Cieszyn Silesia changed from an agricultural to an industrial area on the turn of the 19th century. This happened on account of rapid development and expansion of the Ostrawa-Karwina Coal Basin. A great number of workers and professionals arrived to a rather small territory. They were of Polish, Czech and German origin, with a majority of the Polish, who formed 60.6% of the population. The coal mining region thus became a typical multilingual society. Polish intelligentsia soon started to express the need of founding a secondary school, which would prepare future Polish speaking mining and metallurgical engineers.
On December 8, 1908 the meeting of „Macierz Szkolna“ (Polish educational society) made a decision to establish a private secondary school, expecting it would become government-funded in the near future.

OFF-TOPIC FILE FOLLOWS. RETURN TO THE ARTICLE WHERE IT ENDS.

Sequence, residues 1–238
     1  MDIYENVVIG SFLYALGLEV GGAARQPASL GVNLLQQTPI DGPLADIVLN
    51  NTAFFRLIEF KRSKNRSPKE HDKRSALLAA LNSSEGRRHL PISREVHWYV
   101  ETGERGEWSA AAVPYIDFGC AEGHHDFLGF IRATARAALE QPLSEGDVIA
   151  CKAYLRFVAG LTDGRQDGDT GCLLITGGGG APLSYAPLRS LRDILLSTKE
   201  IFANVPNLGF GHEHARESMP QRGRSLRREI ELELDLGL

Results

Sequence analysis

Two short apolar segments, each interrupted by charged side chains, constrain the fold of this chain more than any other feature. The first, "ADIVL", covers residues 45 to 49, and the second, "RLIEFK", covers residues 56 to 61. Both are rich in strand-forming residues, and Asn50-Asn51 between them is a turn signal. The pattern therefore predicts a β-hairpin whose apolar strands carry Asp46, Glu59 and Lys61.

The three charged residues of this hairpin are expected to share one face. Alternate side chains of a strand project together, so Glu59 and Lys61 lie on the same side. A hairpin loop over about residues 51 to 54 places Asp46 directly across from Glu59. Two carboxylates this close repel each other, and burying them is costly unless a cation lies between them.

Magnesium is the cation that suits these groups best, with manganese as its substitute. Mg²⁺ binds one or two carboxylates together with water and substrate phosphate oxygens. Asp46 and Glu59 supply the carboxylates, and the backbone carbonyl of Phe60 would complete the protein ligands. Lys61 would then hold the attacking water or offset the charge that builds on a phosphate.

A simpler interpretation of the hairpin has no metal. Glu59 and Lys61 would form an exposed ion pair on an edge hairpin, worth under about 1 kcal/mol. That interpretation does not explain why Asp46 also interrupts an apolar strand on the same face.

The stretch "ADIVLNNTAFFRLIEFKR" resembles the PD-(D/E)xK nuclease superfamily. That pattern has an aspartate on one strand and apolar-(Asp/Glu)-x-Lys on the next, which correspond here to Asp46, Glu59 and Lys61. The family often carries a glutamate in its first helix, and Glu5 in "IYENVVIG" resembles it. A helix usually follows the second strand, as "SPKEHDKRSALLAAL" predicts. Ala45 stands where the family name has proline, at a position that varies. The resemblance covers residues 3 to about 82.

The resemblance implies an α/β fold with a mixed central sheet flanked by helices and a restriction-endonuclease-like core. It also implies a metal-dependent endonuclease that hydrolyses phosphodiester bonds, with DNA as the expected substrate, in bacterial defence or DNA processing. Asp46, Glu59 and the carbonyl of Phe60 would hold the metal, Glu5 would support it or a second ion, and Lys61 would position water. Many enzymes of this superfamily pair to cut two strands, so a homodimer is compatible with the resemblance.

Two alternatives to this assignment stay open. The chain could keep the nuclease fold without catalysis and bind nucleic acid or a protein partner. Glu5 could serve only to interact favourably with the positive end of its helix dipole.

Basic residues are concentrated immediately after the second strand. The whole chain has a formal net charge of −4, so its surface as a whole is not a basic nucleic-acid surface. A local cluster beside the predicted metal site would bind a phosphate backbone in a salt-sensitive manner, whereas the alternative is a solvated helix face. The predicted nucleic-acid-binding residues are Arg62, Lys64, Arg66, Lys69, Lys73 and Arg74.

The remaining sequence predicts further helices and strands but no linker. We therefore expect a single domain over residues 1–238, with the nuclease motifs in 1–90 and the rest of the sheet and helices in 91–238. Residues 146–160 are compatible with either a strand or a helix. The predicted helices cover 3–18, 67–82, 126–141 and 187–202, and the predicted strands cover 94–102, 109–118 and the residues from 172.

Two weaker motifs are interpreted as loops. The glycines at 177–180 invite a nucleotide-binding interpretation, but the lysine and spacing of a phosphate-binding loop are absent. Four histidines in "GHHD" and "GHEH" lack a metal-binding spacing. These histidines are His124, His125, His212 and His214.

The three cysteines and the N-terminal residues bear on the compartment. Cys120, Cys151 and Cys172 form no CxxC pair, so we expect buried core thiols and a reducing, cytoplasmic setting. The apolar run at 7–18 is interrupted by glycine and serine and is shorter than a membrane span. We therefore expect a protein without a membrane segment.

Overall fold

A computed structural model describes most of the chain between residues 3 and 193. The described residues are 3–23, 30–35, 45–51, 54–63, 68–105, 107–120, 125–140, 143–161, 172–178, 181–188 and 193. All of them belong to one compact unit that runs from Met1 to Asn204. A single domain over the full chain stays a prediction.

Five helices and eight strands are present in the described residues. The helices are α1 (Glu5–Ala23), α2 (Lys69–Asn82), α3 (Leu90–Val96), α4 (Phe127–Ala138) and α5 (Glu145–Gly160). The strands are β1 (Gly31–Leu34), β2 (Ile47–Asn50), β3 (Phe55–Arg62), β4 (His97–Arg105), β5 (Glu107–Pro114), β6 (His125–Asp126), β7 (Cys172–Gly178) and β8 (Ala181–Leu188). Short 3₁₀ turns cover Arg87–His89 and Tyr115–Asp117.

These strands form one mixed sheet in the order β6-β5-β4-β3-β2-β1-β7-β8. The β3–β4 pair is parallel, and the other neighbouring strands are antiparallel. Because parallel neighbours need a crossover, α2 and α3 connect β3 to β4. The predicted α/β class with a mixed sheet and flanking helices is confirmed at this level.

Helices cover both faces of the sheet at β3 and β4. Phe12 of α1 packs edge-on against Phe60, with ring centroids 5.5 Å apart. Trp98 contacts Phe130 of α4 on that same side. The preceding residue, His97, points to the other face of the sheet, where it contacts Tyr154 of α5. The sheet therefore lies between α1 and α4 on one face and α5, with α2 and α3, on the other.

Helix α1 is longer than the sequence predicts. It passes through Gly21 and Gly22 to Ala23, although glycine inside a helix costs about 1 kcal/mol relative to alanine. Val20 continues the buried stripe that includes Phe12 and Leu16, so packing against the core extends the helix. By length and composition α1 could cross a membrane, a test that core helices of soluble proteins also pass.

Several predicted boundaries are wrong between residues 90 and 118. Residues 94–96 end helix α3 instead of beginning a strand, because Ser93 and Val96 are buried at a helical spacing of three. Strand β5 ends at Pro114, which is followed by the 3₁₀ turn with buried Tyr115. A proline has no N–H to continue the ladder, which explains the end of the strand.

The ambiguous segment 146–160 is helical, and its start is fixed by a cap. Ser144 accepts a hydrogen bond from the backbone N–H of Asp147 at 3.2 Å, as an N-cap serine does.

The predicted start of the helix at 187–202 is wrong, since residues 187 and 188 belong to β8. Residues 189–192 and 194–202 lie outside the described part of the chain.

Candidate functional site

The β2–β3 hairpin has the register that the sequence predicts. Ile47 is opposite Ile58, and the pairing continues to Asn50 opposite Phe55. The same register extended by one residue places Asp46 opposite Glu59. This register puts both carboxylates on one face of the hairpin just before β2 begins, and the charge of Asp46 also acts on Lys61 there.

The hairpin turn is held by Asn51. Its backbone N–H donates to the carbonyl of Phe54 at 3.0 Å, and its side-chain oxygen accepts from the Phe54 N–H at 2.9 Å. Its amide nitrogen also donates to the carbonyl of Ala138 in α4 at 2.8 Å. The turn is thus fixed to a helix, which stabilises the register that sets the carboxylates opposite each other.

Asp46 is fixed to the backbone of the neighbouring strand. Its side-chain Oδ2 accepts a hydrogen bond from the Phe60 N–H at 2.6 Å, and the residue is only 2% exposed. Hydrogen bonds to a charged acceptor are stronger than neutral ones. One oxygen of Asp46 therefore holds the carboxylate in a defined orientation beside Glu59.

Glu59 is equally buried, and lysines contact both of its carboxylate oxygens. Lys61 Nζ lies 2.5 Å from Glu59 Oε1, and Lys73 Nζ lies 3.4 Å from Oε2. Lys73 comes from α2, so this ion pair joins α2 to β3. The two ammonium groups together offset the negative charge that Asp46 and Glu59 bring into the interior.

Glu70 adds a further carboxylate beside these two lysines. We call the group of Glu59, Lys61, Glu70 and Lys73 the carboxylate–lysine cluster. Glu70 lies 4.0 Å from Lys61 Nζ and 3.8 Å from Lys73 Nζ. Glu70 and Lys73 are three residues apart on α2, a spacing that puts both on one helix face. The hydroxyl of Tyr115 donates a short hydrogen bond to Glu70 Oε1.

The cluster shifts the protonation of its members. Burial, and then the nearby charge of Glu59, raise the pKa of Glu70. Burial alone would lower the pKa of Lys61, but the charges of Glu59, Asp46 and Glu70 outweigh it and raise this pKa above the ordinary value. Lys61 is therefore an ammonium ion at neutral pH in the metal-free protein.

On September 7, 1909 the decree of the new school opening was issued by Austrian Ministry of Education and Religion in Vienna. The inauguration took place on September 23, 1909. The school accepted the name of Juliusz Słowacki, a great Polish romantic poet, whose 100th birth anniversary fell in that particular year. The school has been successful and popular among students since the beginning and undoubtedly reached a very high level of education soon.
During the World War I the school was closed for about 2 months due to teachers´ draft. By November 1914 only two teachers were available for work. A lot of students enlisted in newly formed Polish armed forces voluntarily. There appeared some casualties, too, in the front lines in Italy or Russia. The first graduating exams took place in July 1917.